5 January 2011

Google Ngrams – the use of the word “landslide”

Posted by Dave Petley

Google now has about a million books online dating from 1500 to 2008.  An interesting tool that they have provided, and which is great fun with which to play, is the NGram viewer, which allows the user to search for, and graph, the occurrence of specific words through time in these texts. Note that the data are presented as the use of the word as a percentage of the total words in the texts. 

It is quite fun to compare the use of four different words describing natural hazards.  This graph shows the occurrence of the words “earthquake”, “flood” and “volcano” from 1500 to 2008 in the “Google Million” set of English books:

The dataset starts very noisy and then becomes more stable, with a substantial increase in the use of the terms from about 1750 onwards.  So lets focus on the period 1800 to 2008:

Notice how the use of the word “earthquake” has some large spikes, whereas “volcano” is smoother.  I don’t know enough about the history of these terms and events to be able to interpret this, but compare the above with the same data for the  use of the word landslide:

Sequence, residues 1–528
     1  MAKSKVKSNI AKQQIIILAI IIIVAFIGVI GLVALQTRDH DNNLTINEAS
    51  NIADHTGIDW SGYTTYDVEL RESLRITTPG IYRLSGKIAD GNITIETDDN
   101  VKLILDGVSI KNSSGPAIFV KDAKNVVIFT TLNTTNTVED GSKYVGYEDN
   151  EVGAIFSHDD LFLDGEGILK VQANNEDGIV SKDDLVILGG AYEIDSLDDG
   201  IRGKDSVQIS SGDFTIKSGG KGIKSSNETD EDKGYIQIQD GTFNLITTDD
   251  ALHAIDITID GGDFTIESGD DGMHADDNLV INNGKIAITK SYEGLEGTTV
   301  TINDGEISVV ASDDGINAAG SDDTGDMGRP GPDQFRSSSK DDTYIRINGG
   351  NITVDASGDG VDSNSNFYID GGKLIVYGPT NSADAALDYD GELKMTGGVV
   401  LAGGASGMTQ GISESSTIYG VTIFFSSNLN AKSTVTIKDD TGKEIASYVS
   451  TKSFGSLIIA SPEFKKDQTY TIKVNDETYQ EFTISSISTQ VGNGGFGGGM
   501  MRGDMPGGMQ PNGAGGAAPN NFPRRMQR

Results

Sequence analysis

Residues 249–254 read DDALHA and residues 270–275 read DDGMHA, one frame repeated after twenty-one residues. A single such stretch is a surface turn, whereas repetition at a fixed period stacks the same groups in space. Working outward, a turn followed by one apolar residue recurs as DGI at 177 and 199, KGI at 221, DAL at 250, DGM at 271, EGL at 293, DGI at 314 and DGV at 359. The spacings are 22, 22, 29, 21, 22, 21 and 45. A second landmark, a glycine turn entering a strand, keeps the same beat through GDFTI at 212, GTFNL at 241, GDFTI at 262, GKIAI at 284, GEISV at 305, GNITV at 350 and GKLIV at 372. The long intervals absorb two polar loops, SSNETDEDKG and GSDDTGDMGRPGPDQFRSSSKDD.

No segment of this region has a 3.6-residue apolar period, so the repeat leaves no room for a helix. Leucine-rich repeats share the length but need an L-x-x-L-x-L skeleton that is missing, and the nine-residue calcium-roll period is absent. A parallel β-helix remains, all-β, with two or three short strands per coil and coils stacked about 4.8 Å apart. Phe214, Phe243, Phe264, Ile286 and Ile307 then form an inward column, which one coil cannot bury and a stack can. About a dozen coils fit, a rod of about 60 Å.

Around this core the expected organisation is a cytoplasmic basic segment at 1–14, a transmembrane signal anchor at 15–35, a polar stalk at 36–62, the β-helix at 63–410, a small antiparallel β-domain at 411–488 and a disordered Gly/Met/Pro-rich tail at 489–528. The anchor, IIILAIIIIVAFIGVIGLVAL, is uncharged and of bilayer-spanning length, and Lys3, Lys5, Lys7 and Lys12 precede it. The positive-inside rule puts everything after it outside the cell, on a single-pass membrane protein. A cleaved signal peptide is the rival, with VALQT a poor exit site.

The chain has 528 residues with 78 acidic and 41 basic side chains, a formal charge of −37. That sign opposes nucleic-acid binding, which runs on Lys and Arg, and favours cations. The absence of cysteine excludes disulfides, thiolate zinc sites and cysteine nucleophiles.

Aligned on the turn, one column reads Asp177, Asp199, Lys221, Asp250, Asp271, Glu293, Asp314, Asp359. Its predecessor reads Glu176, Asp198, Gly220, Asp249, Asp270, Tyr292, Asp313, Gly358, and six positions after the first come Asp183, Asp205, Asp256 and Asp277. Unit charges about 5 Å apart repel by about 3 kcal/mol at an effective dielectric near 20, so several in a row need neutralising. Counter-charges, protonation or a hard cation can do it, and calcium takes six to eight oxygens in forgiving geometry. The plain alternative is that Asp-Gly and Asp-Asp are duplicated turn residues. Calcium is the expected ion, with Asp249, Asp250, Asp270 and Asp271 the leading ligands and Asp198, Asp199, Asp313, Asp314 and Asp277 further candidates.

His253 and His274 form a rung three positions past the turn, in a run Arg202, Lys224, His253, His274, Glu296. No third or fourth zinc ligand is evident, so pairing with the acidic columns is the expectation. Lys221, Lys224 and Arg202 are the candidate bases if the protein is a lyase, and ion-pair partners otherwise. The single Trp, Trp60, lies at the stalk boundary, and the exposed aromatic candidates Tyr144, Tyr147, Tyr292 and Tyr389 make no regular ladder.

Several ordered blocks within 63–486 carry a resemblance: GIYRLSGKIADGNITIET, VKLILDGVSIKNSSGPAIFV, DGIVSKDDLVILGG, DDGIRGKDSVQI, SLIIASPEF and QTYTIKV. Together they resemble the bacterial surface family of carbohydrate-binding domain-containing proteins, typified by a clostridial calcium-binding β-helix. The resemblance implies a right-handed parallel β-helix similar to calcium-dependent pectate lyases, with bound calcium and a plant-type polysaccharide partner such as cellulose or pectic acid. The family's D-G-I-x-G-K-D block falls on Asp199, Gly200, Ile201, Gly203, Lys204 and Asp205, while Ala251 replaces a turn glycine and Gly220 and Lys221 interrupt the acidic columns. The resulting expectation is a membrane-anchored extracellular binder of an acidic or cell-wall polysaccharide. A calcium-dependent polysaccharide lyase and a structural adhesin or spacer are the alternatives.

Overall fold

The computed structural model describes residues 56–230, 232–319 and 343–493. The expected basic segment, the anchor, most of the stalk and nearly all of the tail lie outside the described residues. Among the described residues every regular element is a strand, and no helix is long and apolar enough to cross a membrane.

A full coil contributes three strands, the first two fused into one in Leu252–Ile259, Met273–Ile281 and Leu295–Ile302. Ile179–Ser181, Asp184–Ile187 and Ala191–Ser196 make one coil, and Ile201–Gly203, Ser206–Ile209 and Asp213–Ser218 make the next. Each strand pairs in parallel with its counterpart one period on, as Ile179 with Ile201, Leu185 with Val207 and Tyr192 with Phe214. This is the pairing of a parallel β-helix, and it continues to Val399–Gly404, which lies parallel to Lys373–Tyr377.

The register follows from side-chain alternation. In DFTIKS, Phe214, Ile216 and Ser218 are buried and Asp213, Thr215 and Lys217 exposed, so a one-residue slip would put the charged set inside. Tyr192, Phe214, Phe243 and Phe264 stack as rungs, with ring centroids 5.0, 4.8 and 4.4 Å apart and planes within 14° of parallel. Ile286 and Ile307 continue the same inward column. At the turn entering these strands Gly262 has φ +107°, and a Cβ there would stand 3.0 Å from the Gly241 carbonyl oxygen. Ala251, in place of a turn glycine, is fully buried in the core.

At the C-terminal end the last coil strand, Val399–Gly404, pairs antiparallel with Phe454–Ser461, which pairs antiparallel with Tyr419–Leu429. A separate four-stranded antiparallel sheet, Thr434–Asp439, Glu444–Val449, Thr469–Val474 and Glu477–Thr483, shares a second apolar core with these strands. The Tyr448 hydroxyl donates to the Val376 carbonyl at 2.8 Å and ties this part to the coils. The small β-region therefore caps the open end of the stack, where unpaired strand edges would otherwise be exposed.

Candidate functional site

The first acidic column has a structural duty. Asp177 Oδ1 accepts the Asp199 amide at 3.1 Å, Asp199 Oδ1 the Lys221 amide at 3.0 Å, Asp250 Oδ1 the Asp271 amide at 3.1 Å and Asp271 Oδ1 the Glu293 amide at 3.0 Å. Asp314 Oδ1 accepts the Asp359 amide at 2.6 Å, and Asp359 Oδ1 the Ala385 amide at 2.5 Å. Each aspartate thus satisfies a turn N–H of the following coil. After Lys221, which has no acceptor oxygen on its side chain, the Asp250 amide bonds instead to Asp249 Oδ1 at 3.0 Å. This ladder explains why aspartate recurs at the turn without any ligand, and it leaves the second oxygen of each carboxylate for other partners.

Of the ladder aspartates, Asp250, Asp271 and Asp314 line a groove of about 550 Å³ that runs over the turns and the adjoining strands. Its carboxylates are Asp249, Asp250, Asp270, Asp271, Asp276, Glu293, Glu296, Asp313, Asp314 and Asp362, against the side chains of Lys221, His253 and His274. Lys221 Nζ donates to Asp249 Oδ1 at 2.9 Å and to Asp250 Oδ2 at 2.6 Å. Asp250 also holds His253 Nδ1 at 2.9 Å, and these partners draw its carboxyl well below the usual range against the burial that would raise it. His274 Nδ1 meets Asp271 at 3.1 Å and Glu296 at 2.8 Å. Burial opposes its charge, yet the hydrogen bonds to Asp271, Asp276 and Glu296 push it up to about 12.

The pattern is completely different (and note that the axes scale is also rather different).  The use of the word landslide started to increase from 1800 onwards, and appears to have risen essentially monotonically thereafter.  There is a slight dip in the period from 1940 to 1950 (the effect of World War 2?), and the data for the term has become more noisy in recent years.  This could of course be a reflection of the use of the term in the context of elections (i.e. “landslide victory” and suchlike), but a search for that specific term suggests not:

Finally, compare the term “landslide” with the older term “landslip”:

It is clear that the latter term was much more common than landslide through to about 1900, and that as the use of the term “landslide” became more frequent the use of “landslip” reduced markedly. 

I’ll come back to Google Ngramsin a subsequent post to look at the use of landslide terminology in more detail.  It is a pretty cool tool.